For all its claims to connectivity, there’s this impenetrable layer of artifice to the internet that makes it a mostly horrible place to spend any time. Great shovelfuls of #eatclean narcissism at breakfast, desperate clutches at validation on your lunch break, then duckface self-aggrandising at the weekend. If you have time, don’t forget to use the comments to make people feel as terrible about themselves as possible. I’m too old, I know, but it’s shit nonetheless.
Augustines have no real right to exist within this climate, but yet that’s precisely why we need them. That deeply unfashionable earnestness and yearning to connect on a real, human level is a goddamn godsend. When I went to see them in Newcastle a few years ago, Billy McCarthy began to tell a story about his brother (I think before ‘Patton State Hospital’) and he choked up, unable to finish it. We’re uncomfortable with that sort of nakedness in this country, and the room fell silent. You’d usually expect to endure excruciating minutes waiting for the gig to continue. Instead, someone in the crowd shouted “we love you” and he looked up with a thankful smile, to rapturous applause and more intense declarations of affection. It remains one of the loveliest moments I’ve ever witnessed.
You see, despite our constant collective quest for The New, we’ll always return to those musicians who imbue their work with only themselves, vulnerability and popularity be damned. On This is Your Life, McCarthy, Eric Sanderson and Rob Allen continue to mine adversity for glimmers of hope. There’s more of an electronic presence and more influence drawn from outside the indie-rock sphere, but it remains resolutely an Augustines record. If you’ve been on the fence about the band thus far, this isn’t going to change your mind, but they continue to grow in sound and scope, with each LP bringing bigger ambitions and production that could comfortably be labelled bombastic.
‘Are We Alive’ begins with a thunderous intro, running headlong into second single ‘When Things Fall Apart’ before ‘The Forgotten Way’ drops the pace a touch. But even in this quiet moment there’s a restless drum pattern underneath, echoing McCarthy’s lyrics of “riding the subway alone / drunk on Christmas Eve” as a piano and synth jostle for attention. It’s a real sign of progress that their previous reliance on taut, guitar-led crescendos is no longer necessary. As a result, the songs breathe a little easier.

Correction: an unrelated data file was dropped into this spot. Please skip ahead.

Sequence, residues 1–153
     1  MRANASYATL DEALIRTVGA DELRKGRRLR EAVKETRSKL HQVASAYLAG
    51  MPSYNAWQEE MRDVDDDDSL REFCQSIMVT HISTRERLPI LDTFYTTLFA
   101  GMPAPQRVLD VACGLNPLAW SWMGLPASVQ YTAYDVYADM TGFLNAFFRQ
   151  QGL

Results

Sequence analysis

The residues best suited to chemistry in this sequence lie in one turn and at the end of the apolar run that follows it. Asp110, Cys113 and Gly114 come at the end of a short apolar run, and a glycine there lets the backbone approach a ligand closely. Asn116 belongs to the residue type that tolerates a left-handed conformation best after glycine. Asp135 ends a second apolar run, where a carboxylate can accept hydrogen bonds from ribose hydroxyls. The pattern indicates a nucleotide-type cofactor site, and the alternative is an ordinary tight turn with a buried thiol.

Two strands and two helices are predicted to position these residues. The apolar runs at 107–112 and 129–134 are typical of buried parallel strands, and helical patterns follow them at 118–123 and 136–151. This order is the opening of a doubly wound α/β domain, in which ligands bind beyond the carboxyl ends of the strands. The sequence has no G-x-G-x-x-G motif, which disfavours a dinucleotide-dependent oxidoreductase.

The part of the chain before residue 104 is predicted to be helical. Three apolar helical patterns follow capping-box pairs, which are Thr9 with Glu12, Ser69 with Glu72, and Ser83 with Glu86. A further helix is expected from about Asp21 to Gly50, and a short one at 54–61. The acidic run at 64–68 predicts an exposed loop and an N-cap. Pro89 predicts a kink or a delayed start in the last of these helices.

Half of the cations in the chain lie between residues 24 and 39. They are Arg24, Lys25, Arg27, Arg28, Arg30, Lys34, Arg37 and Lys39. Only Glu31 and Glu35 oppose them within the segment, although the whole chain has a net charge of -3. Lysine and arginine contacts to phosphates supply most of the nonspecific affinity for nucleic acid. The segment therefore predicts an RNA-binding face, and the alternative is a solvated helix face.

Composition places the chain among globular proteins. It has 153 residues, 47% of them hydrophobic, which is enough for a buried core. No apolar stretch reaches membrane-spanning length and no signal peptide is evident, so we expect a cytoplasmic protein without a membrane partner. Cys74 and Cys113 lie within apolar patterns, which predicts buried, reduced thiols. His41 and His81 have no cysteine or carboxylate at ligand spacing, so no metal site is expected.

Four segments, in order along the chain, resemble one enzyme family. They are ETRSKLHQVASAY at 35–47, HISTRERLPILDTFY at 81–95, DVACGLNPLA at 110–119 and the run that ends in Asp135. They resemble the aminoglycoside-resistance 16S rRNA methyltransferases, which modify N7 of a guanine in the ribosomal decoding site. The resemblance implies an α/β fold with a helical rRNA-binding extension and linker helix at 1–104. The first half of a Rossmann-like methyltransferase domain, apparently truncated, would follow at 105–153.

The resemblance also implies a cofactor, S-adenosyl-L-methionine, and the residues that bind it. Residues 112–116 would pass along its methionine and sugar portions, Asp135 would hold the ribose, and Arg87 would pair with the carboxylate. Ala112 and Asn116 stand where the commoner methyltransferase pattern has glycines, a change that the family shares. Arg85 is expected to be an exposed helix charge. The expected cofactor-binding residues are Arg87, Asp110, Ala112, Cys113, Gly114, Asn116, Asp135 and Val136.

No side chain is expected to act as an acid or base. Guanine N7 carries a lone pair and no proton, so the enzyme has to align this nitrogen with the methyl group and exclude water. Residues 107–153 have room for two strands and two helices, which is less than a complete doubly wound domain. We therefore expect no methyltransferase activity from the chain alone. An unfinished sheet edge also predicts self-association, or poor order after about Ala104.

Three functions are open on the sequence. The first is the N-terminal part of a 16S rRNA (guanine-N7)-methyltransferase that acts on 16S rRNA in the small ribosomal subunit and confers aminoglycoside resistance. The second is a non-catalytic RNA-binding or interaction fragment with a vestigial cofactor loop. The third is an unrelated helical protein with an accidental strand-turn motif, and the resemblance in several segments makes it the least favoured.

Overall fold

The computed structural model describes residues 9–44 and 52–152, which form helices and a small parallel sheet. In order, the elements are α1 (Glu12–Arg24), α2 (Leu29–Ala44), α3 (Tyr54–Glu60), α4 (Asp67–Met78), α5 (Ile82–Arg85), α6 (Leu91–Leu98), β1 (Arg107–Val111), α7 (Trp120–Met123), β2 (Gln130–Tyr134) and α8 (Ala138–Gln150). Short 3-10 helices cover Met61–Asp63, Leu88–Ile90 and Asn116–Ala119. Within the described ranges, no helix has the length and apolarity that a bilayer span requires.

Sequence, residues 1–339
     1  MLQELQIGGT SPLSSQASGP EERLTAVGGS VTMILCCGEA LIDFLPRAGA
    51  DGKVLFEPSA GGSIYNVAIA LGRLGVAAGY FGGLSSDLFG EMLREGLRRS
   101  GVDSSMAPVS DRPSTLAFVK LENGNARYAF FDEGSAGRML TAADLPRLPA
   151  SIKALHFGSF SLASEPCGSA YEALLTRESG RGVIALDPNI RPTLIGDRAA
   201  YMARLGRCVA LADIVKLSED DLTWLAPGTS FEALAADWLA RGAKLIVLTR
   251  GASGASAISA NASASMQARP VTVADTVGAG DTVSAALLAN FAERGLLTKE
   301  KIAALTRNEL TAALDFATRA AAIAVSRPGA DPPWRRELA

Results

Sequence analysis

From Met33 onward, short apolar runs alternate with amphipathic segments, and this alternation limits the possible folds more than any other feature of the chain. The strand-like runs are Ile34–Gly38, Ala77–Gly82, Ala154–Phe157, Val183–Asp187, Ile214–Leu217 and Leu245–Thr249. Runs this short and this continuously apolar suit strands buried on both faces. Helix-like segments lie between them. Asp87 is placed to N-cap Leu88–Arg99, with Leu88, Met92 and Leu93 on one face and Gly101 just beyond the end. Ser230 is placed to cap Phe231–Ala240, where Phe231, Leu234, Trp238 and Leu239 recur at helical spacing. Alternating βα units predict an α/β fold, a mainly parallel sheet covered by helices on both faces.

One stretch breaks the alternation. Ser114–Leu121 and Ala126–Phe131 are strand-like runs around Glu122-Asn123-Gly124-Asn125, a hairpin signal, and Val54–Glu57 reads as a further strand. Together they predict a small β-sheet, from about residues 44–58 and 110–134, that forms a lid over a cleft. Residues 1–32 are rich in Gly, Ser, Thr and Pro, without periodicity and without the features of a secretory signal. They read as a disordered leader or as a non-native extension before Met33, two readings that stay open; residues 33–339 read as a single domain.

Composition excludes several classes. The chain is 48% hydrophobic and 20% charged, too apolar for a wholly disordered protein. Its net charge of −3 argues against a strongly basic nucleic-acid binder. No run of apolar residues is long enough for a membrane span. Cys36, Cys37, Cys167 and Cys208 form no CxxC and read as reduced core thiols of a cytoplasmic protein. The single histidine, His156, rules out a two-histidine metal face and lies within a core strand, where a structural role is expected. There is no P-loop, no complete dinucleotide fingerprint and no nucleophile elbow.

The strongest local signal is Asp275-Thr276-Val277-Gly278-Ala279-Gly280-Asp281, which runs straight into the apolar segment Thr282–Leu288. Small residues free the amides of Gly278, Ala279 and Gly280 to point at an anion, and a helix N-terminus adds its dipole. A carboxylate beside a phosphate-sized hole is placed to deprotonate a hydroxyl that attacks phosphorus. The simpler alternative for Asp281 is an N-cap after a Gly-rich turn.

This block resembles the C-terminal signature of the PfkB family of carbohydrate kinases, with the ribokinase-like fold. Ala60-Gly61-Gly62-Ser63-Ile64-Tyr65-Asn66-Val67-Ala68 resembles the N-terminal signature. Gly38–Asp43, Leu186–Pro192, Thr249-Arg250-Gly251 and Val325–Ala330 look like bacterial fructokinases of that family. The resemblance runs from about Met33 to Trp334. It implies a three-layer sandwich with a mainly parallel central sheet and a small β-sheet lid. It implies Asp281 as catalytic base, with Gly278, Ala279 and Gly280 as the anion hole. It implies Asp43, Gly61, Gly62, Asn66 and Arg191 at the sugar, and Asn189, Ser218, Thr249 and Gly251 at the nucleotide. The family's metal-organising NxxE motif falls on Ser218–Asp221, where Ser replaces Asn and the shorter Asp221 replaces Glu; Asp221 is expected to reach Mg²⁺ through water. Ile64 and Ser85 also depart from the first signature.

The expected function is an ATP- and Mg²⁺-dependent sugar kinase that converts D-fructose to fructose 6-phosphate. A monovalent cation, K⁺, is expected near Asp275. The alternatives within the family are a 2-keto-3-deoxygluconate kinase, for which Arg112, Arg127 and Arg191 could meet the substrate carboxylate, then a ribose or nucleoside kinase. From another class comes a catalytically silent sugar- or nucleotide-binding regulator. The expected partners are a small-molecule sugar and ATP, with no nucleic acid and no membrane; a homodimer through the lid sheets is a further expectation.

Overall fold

They stretch their wings in other ways, too. Both ‘Running in Place’ and ‘May You Keep Well’ feature the background vocals of Senegalese duo Pape & Cheikh to add further emotional heft to McCarthy’s words of courage. I’ve tried to describe ‘Running in Place’ in many ways, but there’s no getting round it: it’s a power ballad, borne on the backs of drum machines, strings and fucking massive piano chords. The chorus and outro bassline is so ridiculous that you can imagine Alan Partridge laughing in his static home as he mimes along. It should be terrible, but it isn’t. It’s actually rather brilliant.
With each record the band releases, they inch further from the tragedy and pain that initially threatened to define them. It’s still there, but sits comfortably alongside thankful depictions of events which led them to this point. I remember when the Manic Street Preachers released Everything Must Go, they said they felt a need to make some music they “could sink into.” That’s pretty much how I feel about Augustines now. No longer having to scream to be heard, they’re able to imbue their music with the elegance necessary to create the truest representation of its message: it’ll be okay.
8Aidan Reynolds's Score